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I used to do all kinds of things, including most of the things everyone here has mentioned. However, I found that I got the most benefit from doing these things: Do nothing. Rest. Don't do anything strenuous with your arms, wrists, and fingers. If you spend your time effectively at the piano, that's all the physical workout you need. Most of piano playing ...


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Short answer: As much and for as long as you need in order to do what you wish to do in your music. Every practice session should be a balance of technique and music, and your teacher should prescribe that balance. Also the length of the time spent on anything is far less important than the quality of time spent. For technical work, it's possible that 15 ...


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There are many exercises you can do when not actually playing the piano. one of my favorites is tapping my fingers on a desk in different rhythms. Personally I like playing with both hands doing the same thing, but that is just personal preference. I like with the right hand 1-3-5-4-3-4-3-2 on the right hand, which is 5-3-1-2-3-2-3-4 on the left hand.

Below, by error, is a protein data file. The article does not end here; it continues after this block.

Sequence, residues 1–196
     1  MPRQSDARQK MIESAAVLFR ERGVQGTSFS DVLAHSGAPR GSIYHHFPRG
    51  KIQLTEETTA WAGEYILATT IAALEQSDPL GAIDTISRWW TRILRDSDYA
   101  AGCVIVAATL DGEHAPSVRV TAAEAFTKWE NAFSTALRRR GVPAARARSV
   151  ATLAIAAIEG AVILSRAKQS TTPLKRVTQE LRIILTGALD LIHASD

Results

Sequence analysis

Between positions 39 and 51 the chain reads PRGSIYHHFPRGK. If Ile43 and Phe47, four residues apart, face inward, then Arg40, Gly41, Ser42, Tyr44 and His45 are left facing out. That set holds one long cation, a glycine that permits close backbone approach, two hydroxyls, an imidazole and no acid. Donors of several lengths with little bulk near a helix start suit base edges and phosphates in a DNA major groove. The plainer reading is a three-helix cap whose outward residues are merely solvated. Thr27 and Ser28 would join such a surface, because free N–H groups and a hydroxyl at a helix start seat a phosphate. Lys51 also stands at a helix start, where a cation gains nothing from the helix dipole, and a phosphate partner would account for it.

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"Can someone tell me how many Hanon excersises I should be doing, and for roughly how long I should be doing the exercises before starting my pieces?" One possible answer to this question is: NONE! It is perfectly possible to make great progress with piano without spending any time at all on Hanon. They are very un-musical, and you might make better ...


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"I find that doing this takes so, so, so much time and I can barely get onto my pieces during my morning practice." You have the answer there. Exercises should only take up a small part of your practice. In music practice you should be working on Warm up Technique Old material New material Theory etc etc



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